When used in an adaptive manner, in response to an external stimulus representing change, the invention allows adaptive dynamic patttern generation for applications such as ADOF (adaptive dynamic optical filters), AOA (adaptive optical amplifier) control, light intensity monitoring devices, dispersion compensation modules, polarization mode dispersion compensation mdoules, optical switching and routing etc. in the DWDM (dense wavelength division multiplexing) optical communciation market

Texas Instruments' digital micromirror device (DMD) technology is fully digital and programmable. A DMD is comprised of a two-dimensional array of micromirrors, each exercisable into the ON or OFF state. As such a DMD is programmable under software control to provide resolution that can be re-configured on-the-fly to increase or decrease the spatial sampling resolution of different light sources such as spatially dispersed wavelengths of light (e.g. DWDM channels dispersed using a grating or prism).

The spot size of an individual lambda or wavelength can cover a group of micromirrors on the DMD and it is the organization of these groups of micromirrors and their variable patterns that distinguish one application from another. For example, if one organizes the area under the spot size of a wavelength into a segment of H (height) rows and W (width) columns of micromirrors, then by decreasing the number of ON-state micromirrors, the light intensity reflected off of the segment of micromirrors will be diminished accordingly. Conversely, by increasing the number of ON-state micromirrors, the intensity of the reflected light will gradually return to it previous level.

Assuming a DMD 102 of size H rows by W columns and the dispersion direction of the DWDM spectrum is along its diagonal 104, FIG. 1 shows K spatially dispersed wavelength beams 1061, . . . Ωk. . . ΩK}, each fully resolved and covering an area of hk by wk micromirrors (pixels). Note that the maximum height of a segment in this case is H and the maximum width is W while the segment size for the spot size shown is hk by wk micromirrors (pixels).

For example, the FIG. 2 a shows three dispersed wavelength spots on segments of size (hk=12, wk=12) each. Instead of manipulating a wavelength with a single segment of hk by wk micromirrors, more control resolution can be achieved by sub-dividing the spot size into smaller segments of size, say, hk=12 and wk=4—smaller groups of micromirrors of two rows and 4 columns each.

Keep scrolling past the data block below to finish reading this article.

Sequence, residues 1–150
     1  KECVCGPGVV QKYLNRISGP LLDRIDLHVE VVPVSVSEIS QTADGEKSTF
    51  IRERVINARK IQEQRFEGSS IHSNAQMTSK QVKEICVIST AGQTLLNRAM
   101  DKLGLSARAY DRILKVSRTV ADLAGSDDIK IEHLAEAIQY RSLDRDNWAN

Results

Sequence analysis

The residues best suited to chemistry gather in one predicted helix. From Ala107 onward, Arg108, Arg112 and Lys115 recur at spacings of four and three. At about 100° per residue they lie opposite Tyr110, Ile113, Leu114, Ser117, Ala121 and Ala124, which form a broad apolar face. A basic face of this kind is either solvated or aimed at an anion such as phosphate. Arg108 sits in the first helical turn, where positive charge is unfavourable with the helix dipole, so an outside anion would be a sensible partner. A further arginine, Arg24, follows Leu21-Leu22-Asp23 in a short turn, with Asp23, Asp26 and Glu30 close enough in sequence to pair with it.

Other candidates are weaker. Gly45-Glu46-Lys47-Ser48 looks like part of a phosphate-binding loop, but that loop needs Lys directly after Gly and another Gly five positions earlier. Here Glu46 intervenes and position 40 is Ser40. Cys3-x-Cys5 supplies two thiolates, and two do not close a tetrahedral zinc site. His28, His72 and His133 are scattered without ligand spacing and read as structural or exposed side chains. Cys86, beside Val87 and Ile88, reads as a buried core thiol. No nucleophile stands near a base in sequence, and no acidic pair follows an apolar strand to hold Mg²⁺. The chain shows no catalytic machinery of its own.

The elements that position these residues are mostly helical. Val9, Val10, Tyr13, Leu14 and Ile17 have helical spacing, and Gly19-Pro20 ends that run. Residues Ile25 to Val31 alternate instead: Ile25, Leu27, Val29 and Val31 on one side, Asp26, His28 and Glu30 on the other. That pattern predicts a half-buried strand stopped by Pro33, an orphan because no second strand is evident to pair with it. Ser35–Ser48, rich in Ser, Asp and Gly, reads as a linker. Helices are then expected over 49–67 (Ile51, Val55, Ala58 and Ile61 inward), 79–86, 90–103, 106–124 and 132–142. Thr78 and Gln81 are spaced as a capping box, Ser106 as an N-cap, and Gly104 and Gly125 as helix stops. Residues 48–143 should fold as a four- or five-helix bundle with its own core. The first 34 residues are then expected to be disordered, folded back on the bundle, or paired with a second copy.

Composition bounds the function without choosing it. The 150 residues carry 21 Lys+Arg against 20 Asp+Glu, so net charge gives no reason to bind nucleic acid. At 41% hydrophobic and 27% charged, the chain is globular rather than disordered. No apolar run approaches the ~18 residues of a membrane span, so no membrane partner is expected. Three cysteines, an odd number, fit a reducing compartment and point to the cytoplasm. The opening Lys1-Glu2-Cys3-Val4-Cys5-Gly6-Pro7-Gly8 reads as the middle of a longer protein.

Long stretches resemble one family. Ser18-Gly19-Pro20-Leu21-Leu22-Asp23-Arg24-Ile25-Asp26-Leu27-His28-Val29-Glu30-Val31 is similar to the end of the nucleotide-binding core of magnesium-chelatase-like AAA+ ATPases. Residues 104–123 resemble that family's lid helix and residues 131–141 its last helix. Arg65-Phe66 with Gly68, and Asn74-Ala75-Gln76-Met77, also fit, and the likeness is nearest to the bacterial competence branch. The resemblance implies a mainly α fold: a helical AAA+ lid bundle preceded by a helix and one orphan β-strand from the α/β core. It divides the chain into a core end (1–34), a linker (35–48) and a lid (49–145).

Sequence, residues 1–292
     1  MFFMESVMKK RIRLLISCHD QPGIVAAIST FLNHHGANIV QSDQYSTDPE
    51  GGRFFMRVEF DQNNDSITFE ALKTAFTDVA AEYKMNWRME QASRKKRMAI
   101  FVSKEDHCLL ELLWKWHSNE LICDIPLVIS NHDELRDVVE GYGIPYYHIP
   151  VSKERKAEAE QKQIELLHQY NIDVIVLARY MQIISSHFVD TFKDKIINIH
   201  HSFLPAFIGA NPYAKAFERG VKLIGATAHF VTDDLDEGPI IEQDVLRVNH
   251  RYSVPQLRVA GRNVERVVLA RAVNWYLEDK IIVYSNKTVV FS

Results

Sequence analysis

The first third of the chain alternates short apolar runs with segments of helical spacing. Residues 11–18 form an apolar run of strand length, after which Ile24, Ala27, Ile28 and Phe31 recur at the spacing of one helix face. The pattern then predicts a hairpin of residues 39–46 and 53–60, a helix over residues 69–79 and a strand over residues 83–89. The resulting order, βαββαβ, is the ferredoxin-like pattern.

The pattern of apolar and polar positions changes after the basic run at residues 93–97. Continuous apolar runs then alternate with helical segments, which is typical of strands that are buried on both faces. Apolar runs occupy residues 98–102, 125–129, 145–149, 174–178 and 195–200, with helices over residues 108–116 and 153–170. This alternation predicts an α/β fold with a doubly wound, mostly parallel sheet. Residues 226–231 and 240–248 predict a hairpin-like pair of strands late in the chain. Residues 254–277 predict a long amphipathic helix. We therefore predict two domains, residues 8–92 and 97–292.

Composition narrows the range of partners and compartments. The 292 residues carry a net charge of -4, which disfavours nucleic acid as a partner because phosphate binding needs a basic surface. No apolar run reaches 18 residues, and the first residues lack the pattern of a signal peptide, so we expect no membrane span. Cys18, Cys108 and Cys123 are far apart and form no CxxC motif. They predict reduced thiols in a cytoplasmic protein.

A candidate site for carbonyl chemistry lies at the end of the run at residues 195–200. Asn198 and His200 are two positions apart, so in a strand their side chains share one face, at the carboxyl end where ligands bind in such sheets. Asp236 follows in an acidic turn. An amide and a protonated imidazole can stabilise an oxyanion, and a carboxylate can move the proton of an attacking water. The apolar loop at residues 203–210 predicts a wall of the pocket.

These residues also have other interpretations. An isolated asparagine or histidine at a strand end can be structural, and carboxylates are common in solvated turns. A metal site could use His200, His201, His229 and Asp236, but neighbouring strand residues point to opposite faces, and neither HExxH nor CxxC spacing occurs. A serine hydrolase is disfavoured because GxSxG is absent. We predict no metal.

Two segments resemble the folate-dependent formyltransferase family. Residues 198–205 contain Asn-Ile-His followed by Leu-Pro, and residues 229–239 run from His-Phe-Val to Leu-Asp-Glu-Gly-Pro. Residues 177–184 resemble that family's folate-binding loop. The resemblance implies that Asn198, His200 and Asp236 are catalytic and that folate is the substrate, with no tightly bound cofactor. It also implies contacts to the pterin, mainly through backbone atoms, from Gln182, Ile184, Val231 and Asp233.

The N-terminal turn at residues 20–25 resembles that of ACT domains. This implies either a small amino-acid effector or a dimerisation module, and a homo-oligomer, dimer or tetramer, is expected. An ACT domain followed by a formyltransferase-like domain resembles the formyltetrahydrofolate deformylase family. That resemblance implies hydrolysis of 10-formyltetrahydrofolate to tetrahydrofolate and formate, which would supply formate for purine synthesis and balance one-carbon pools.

Correspondingly, the resultant spatial sampling resolution has increased by a factor of 3 in this example since the individual wavelengths can now be manipulated independently with three individual segments. In the extreme case, each of the W columns of the DMD can be regarded as a spectral line in the spatial domain and a segment can be organized in a x1 configuration, thereby yielding the highest spectral sampling resolution. In this case, the resolution of the single column would be equal to the maximum row count or H and the maximum number of single column segment is W for a H×W DMD array.

Further manipulations of the micromirrors of the DMD are possible. For example, instead of aligning the wavelength dispersion direction along the diagonal of the DMD (due to mirror hinge orientation at 45 degrees), FIG. 2 b shows arbitrary orientation of the dispersed lambda's in the same horizontal orientation. With a slightly different optical designs, for example using an elliptical fold mirror or cylindrical lens, the beam size can be made more spread out in the direction orthogonal to that of dispersion while the same intensity can be afforded to each subgroup by increasing hk by a factor of 3−hk=36 as shown in FIG. 2 b.

By using Texas Instruments' DMD technology for Dynamic Optical Filtering, the spatial sampling resolution of the optical filter can be increased by simply re-configuring the flexible DMD on the fly. The pattern generation for the DMD is performed by a Texas Instruments high-speed DSP. The combination of the high-speed, high-precision of both the DSP microcontroller and DMD has proven to be critical for a successful implementation of applications such as an Adaptive Dynamic Optical Filter (ADOF).